By Max Fisher, Vice President of Economics and Government Relations
In comments submitted to the U.S. Department of Agriculture (USDA) on April 29 regarding climate policy priorities, NGFA urged the agency to implement “climate-smart” policies in a manner that allows U.S. agricultural producers and agribusinesses to enhance income without idling land or distorting planting and marketing decisions.
NGFA submitted the comments in response to USDA’s request for input on its climate strategy, published on March 16 in the Federal Register.
NGFA noted its support of working land conservation programs, including the Conservation Stewardship Program (CSP) and Environmental Quality Incentive Program (EQIP) because they provide incentives to help producers adopt best management practices to maintain and expand their output while improving environmental efficiency. “These working lands conservation programs protect natural resources, support farmers, and enhance the productivity of agricultural lands,” NGFA noted.
Policies that idle non-targeted cropland reduce U.S. agricultural output and market share, hurt rural economies and harm the ability of disadvantaged, small and/or beginning farmers to access farmland, NGFA said in its comments. “USDA should be particularly thoughtful on how certain conservation incentives force these farmers to compete against the federal government for access to land,” the comments noted.
NGFA also outlined that in 1977 there were approximately 465 million acres of cropland in the United States, and according to the latest Food and Agriculture Organization data, the quantity of U.S. cropland has declined to only 396 million acres, a decrease of 69 million acres in just a little over 40 years. Meanwhile, the rest of the world has added approximately 477 million acres of cropland since 1977.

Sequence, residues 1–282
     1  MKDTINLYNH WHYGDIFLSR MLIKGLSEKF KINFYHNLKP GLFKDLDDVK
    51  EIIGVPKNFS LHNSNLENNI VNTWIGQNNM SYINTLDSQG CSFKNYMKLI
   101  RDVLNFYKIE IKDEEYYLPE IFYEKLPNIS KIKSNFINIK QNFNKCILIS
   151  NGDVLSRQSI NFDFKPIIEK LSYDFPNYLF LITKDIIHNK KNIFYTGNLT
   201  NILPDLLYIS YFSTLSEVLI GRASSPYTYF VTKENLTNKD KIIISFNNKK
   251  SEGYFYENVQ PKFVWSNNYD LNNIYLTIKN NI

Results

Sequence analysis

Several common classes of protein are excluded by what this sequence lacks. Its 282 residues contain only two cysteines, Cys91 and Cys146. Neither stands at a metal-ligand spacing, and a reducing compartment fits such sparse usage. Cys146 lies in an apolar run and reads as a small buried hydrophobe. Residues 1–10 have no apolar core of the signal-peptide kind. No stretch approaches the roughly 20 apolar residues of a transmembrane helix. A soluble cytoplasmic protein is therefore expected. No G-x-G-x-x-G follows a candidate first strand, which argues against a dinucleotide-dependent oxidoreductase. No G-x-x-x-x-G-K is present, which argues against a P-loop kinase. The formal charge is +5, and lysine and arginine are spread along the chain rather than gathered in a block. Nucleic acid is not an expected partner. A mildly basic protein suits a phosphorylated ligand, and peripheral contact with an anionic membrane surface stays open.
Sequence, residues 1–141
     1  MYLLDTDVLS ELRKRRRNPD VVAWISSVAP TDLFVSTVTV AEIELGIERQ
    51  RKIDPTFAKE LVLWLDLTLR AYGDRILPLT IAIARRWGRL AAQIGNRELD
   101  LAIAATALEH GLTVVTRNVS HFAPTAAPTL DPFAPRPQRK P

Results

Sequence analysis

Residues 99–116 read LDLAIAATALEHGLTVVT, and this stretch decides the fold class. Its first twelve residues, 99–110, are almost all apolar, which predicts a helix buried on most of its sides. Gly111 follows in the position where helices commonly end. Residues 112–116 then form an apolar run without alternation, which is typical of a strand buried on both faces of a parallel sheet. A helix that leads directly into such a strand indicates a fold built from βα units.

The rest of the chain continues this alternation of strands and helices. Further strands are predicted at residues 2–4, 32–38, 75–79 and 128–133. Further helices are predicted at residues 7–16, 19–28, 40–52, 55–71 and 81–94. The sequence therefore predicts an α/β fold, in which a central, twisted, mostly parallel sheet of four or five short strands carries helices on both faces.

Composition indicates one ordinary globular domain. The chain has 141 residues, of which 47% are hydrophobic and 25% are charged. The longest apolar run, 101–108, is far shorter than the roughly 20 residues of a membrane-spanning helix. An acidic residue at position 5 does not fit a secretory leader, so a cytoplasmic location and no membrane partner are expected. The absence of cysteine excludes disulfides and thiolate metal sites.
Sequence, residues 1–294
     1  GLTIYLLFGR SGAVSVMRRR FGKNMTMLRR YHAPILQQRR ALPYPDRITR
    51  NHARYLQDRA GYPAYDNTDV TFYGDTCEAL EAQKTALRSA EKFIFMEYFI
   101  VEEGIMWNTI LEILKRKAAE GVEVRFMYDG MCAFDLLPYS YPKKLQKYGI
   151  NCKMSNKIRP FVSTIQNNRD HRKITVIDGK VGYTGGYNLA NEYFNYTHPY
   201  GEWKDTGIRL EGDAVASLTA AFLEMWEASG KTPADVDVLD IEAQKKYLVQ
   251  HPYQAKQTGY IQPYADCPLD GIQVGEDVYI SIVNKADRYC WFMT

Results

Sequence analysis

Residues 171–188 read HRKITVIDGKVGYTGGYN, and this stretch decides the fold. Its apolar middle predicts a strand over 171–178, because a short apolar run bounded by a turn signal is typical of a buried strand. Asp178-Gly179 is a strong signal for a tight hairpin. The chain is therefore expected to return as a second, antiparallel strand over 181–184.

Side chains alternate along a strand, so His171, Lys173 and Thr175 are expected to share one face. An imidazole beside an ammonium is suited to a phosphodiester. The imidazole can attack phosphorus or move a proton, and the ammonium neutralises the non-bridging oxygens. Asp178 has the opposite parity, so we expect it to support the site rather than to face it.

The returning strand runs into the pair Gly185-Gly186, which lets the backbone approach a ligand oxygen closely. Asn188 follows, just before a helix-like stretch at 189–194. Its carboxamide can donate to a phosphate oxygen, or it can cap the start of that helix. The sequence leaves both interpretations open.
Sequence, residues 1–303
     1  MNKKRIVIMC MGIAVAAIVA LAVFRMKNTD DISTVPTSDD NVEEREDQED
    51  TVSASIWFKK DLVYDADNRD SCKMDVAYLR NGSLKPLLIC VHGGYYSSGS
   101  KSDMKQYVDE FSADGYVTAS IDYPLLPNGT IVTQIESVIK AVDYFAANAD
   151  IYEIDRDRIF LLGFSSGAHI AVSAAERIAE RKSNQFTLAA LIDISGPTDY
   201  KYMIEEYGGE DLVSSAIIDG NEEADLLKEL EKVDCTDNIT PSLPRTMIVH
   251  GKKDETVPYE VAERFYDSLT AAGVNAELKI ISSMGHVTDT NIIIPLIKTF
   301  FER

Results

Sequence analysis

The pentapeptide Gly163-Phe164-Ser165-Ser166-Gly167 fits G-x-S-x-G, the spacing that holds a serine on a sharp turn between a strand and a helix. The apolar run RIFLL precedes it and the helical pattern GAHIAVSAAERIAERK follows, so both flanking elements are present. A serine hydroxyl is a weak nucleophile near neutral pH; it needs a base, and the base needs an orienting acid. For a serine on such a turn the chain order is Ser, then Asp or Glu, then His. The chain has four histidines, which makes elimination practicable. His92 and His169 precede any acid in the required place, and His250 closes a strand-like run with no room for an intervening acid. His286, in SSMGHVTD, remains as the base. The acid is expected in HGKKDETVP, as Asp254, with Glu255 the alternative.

In 1964 the U.S. share of world exports was 60 percent, 89 percent and 36 percent for corn, soybeans and wheat, respectively, and by 2020 it had dropped to 30 percent, 35 percent and 14 percent. In addition, NGFA said global agricultural competition is increasing and as academic research has found, world market conditions suggest that set-aside programs are not an effective farm policy for corn and soybeans.
Expansion of land retirement programs like CRP sends market signals for U.S. agricultural competitors to offset the reduction in U.S. production share and results in a net increase in atmospheric carbon, NGFA stated. According to a 2018 Reuters report, Brazil’s expanding soybean production has resulted in the plowing under of more than half of South America’s largest savanna which also serves as a tremendous storehouse of carbon. Known as the Cerrado, this savanna is disappearing at a rate four times faster than the Amazon rainforest.
“Prioritizing or drastically expanding land idling practices in the U.S. that ultimately exacerbate global greenhouse emissions globally is a counterproductive strategy,” NGFA said.
Finally, NGFA urged USDA to prioritize federal resources toward working land programs, which “incentivize broader adoption of best management farming and ranching practices across potentially hundreds of millions of the nation’s best acres for food production.”
New Task Force: NGFA recently announced the creation of a new Climate Change and Sustainability Task Force. Chaired by Joe Kapraun, manager of the grain marketing division at GROWMARK, Inc., the new task force conducted its first meeting on April 29 to discuss NGFA’s approach on climate policy areas.